against the United States and has guaranteed more than once in front
of the chairman of AIT that his Four Noes and One Without pledge
remains unchanged. It is a pity, however, that he has maxed out his
credibility, and none of his pledges is deemed valid. The Americans
have come to regard him as a caretaker president and have placed
their hope on the next president. Their biggest request for A-bian
is that he release his control and give the new president the
opportunity to deal with cross-Strait relations.
"In fact, the souring of Taipei-Washington relations has done severe
damage to Taiwan. All other countries [in the world] look upon and
follow the lead of the United States. The White House's mistrust of
A-bian has directly affected the international community's attitude
toward Taiwan. If the United States decides not to support Taiwan,
no other country will. From Japan to Europe, from the APEC to other
various international organizations, when the effect [of no support]
expands, the damage done to Taiwan will be too great to make up.
G) "The United States Has Set the Tone for Taiwan Ahead of Time"
Journalist Chiang Hui-chen said in an analysis in the centrist,
KMT-leaning "China Times" [circulation: 400,000] (12/12):
"Prior to his departure from Taiwan, Raymond Burghardt again slammed
Bian's playing with the backdoor referendum as 'causing trouble.'
The United States attempted to draw a line between Bian and the
Taiwan people to reduce the possible momentum that might be
generated by the UN referendum. But what is most important is that
Burghardt has smoothly secured commitments from both Ma and Hsieh
that they 'will not seek to interpret or elaborate on the results of
the referendum in the wake of next year's presidential election!'
... The United States' trust in Bian has dropped to the lowest
point, and it has judged that the UN referendum has already burst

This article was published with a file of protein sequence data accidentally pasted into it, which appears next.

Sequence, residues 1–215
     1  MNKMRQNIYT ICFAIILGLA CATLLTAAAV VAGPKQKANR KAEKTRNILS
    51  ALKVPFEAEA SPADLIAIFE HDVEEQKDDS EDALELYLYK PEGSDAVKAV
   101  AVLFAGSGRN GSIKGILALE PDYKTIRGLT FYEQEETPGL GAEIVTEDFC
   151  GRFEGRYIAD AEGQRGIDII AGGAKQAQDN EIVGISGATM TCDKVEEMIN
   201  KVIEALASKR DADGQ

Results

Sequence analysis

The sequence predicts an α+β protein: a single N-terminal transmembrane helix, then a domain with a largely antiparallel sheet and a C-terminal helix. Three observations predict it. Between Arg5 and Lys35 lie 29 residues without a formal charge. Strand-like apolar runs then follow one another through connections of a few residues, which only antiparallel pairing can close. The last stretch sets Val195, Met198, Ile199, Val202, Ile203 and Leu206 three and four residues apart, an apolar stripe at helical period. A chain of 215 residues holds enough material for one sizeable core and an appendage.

out of the box of the 'Four Noes.' It therefore dares not look down
upon Bian's ability to dictate the upcoming campaigns in the next
six months as well as his influence after he steps down. ..."
H) "The United States Shows Its Bargaining Chips: Will Not Allow
Bian to Do Whatever He Pleases"
Journalist Lu De-yun noted in an analysis in the pro-unification
"United Daily News" [circulation: 400,000] (12/12):
"AIT Chairman Raymond Burghardt has visited Taiwan again [for the
second time] in less than six months. Even though his posture as a
career diplomat remains the same, it was unusual to see that he did
not even bother to hide his mistrust of Taiwan's ruler. Not only
did he openly disclose the key points discussed during his meeting
with President Chen, but he also directly stated that Bian's UN
referendum is a violation of the Four Noes pledge. This was just a
showdown in words; without any ruthless remarks, the Americans have
disclosed their bargaining chips: We will not let you continue to
do what you please. ...
"Burghardt has always given high compliments to Taiwan's prosperous
democracy and applauded the peaceful transfer of power in 2000 as a
valuable achievement. But the intent of the United States that he
conveyed during a face-to-face meeting with Bian two days ago was,
unexpectedly, to ensure a peaceful change of leadership. This
indicated that Washington believes that Taiwan's democracy has
regressed, and it does not trust that President Chen is willing to
relinquish his power. Being a big country, the United States would
not use such words to describe its views toward Chen if it has no
sufficient proof in its hands."
I) "Admonition from U.S. Shouldn't Go Unheeded"
The conservative, pro-unification, English-language "China Post"
[circulation: 30,000] editorialized (12/13):
"... The U.S. government, worried that these measures [i.e. the UN
referendum] will aggravate tensions across the Taiwan Strait, has
time and again advised President Chen to think twice. ... President
Chen and his men obviously believe that the U.N. referendum will
influence the upcoming presidential election in favor of the ruling
party, for this seems to have been the case during the 2004
presidential poll. Whether this old trick will work again in the
upcoming election is anyone's guess. But one thing is quite
certain: Relations between Taiwan and the U.S. have suffered due to
the DPP government's unyielding attitude on this issue."